Immediately, the Capitals named Langway their captain and the tide had begun to turn. After missing the playoffs in every season since their conception in 1974, the newly charged club marched to a winning record and its first playoff berth, led by their captain's Norris Trophy performance and 1st Team All-Star berth.

Over the next ten seasons, Langway was a pillar of strength on the Capitals blueline. A knock-off of old school defencemen from yesteryear, he became known for his fearless shot blocking and goal stopping expertise as confirmed by this Mike Gartner testimony in 1983, "They're the guys (along with xxx) you want out there in the last minute of a 3-2 game because you know they're going to get the puck out." Known in Washington D.C. circles as the "Franchise Saver", he was always willing to sacrifice his body for the club, never giving less than his best effort and expected nothing less from those around him. Teammate Al Jensen once stated, "You have to respect a guy who works as hard as Rod does." Langway would capture a second Norris Trophy in 1984, along with another 1st Team All-Star selection and a 2nd Team All-Star selection in 1985, while participating in five more All-Star contests, including the Rendez-vous '87 match-up versus the USSR National Team.

An extremely patriotic person, Langway rarely missed an opportunity to represent his country on the international stage. He was the captain and leader of Team USA on four separate occasions, the 1981, 1984 and 1987 Canada Cup's, along with the 1982 Pool 'A' World Championship. Despite never tasting team success during the high-calibre tournaments, Langway was always considered one of the best at his position, earning All-Star honours along with the USSR's Viacheslav Fetisov at the 1984 Canada Cup.

Few players have earned the title "majestic" and perhaps only one Hall of Famer, Jean Beliveau, comes immediately to mind when the word is mentioned. Even fewer players can legitimately be called "Franchise Savers" in the true sense of the word.

Nevertheless, any man who can save a franchise almost single-handedly merits mention, and no one deserves it more than Rod Langway.

"If I had to pick between Langway, Coffey, and Bourque, I'd rather have Langway because he had a better approach to the game. He was more of a team player with a lot more character. And that's the thing you want most of all on a hockey team".-Undrafted Player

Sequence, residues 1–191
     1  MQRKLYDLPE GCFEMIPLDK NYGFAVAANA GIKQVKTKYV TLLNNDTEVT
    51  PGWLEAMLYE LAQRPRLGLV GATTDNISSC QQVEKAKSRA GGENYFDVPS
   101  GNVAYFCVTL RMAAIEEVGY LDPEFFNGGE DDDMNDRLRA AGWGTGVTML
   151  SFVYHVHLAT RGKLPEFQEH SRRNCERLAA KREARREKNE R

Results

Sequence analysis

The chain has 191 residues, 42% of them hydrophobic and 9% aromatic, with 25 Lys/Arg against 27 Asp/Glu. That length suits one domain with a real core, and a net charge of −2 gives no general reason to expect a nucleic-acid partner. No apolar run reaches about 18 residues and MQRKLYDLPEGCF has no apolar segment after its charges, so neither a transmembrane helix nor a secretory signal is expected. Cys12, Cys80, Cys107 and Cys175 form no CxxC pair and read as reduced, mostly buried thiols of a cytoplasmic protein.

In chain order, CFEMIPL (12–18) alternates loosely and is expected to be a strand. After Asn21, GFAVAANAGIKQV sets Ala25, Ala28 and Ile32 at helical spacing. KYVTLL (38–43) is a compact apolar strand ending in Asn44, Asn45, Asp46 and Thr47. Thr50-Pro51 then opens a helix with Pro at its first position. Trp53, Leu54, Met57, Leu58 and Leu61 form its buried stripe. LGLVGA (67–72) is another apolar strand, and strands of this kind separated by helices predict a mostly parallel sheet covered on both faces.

When the towering defenseman...

He was not only the chief upper-shaper, the leader-with-words-and-deeds, but a commanding figure like few others in professional hockey.

On top of that, at one point, Langway was the best defenseman in the NHL. Despite the fact that he was known as a defensive defenseman, Langway was able to outdo Ray Bourque and Paul Coffey for the Norris Trophy in 83 and 84.

Langway had blossommed into a superstar for the Caps...

...a franchise maker...

He was a fearless leader, best known for his shot blocking skills.

Langway's leadership on the Capitals helped him earn the title "Secretary of Defense".

Barring injury, xxx will likely become the best Capital of all time, but may never have the impact that Langway did.

The helmetless tough guy...

In an era of offense, Langway won consecutive Norris Trophies for his outstanding defensive play...

As usual, the Capitals' Langway, the US captain, contributed more than just his physical presence on the ice.

Unlike the obscure entries elsewhere on this site, Rod Langway's heroics are known to even casual Caps fans.

He was a two-time Norris Trophy winner as best defenseman, longtime captain, a 2002 Hall of Fame inductee, and the Capitals averaged a robust 92 standings points during his 10 full seasons.

Yet none of these represent Langway's greatest achievement. After the 1981-82 season, financial woes caused owner Abe Pollin to consider moving or folding the team.

That triggered a "Save The Caps" ticket-selling campaign.

Then, newly-hired G.M. David Poile engineered a blockbuster offseason trade with Montreal for Langway,
Brian Engbloom, Doug Jarvis, and Craig Laughlin.

Dividends were immediate. In 1982-83, wins went up by 13. Not coincidentally, goals-against went down 55. In 1983-84, wins increased by another 9, while goals-against decreased a staggering 57. Langway's leadership and skill had provided the rising tide that lifted all his teammates.

"He recognizes what he does best," coach Bryan Murray told Sports Illustrated . "He doesn't gamble. He plays very safe.

"He'll go back and make the pass to the same winger time after time if the guy's open, and he's so strong that even when he's being leaned on he can get the puck to his man. He never gets in trouble in his own end."

Even in the '80's, Langway considered himself a throwback. "My style is physical and simple," he wrote in a chat. "I focused on clearing the puck and quick transitions from defense and offense.

"I consider myself a proud hockey player. I honor the game and the people who played before me. I like the physical hooking and holding. You made people work to score."

Rod had a similar no-nonsense reaction to stardom. "It was simply my time," he told

"If I had stayed in Montreal, I would have been the same player, but I wouldn't have received the accolades. Larry (Robinson) was there, and was put on the ice during certain situations that I was getting in Washington.

"Being the captain and being recognized as a key player with the Capitals, along with the way I played, helped me win the Norris Trophy."

As wins increased, so did sales. Attendance peaked in 1989-90 at 17,251 per game - just a few hundred under capacity. And hockey in D.C. was safe.

Laughlin later told, "Rod Langway just about single-handedly saved the Washington Capitals. He put hockey on the map here."

Hockey observers around the NHL agree. In his book, "Who's Who of Hockey", Stan Fischler calls Langway no less than a "Majestic franchise-saver."

Last edited by BillyShoe1721: 02-05-2011 at 10:47 AM.